Islam arrives in Paris. On 22 September, the Louvre Museum opened a new gallery of Islamic art.
The Galleries now has a permanent home for the richness of the Islamic world. This incredible collection of Islamic art is the biggest in France and one of the most important in the world.
With more than 2,500 objects that were never previously exposed to the public and now occupy an area of 3 000 square meters. 3000 meters square that show the cultural breadth of the Islamic world, from Spain to India, between the seventh century and nineteenth.
This gallery marks a key moment in the Louvre’s history and is the first major architectural intervention since the glass pyramid of IM Pei 1989.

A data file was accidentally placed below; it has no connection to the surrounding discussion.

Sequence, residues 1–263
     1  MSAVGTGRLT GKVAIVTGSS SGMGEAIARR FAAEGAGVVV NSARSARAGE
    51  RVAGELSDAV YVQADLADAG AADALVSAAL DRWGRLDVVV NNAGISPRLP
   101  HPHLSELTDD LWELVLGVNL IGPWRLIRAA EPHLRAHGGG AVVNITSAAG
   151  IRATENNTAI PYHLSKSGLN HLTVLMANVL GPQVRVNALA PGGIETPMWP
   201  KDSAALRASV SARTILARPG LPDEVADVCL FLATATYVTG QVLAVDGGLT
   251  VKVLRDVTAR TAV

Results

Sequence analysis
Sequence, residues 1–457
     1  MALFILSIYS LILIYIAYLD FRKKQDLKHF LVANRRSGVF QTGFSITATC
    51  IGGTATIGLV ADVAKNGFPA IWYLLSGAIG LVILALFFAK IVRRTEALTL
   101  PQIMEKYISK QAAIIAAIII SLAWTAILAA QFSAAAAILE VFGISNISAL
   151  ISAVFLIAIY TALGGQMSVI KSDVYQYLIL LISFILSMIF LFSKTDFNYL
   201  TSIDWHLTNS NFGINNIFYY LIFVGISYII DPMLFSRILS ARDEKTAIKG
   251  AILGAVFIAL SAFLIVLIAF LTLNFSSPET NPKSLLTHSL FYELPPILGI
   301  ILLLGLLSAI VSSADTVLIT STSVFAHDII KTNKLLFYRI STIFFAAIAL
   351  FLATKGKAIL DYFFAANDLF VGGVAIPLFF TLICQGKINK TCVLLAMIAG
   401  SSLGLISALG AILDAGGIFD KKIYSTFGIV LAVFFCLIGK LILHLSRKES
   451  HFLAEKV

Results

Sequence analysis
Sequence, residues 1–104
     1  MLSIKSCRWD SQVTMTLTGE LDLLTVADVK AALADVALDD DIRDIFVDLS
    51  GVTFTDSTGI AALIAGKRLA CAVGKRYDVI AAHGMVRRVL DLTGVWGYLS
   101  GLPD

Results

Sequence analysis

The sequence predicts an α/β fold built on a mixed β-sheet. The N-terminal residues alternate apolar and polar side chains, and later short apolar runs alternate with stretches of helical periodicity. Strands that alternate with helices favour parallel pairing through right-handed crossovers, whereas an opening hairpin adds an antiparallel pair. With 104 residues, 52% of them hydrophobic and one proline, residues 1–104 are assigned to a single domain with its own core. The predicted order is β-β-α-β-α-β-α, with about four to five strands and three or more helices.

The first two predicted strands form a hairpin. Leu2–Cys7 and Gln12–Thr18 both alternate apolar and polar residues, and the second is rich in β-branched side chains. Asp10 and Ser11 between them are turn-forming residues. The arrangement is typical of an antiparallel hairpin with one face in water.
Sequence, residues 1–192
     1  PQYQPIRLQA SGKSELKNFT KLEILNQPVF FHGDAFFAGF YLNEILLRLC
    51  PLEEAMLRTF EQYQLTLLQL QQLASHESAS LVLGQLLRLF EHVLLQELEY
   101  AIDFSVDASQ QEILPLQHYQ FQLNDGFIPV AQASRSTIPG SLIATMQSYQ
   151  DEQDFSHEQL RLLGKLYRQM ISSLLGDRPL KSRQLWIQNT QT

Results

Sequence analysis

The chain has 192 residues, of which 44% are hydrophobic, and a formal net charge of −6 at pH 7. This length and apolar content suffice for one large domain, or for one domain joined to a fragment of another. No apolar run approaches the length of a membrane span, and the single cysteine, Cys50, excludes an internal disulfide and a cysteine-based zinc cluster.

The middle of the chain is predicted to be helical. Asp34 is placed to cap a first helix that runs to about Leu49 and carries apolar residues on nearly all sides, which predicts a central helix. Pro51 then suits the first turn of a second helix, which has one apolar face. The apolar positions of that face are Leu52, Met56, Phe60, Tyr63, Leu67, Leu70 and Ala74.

The new gallery designed by Mario Bellini and Rudy Ricciotti, consists of a glass pavilion on two levels, covered by a floating roof steel, which seems made of gold. Another aspect worthy of admiration is the interior design of the museum, designed by architect Renaud Pierard.
Wonder why such admiration? The truth is that this interior design allows the curious visitors contextualize the works on display, placing them historically and geographically, deciphering motives and figures, and even comparing their own findings with those of experts. A place where knowledge and experience are essential.
Another valued aspect is the contrast between the collections to raise awareness and curiosity of the visitor. Situated in the Cour Visconti new gallery is surrounded by a redesigned exhibition space dedicated to the “Eastern Mediterranean in the Roman Empire,” which features galleries of Late Antiquity in the eastern Mediterranean, including works of Roman and Coptic Egypt, Syria, Phoenicia and Palestine.
A sea of visual experiences results in a true cultural and historical legacy of Islam.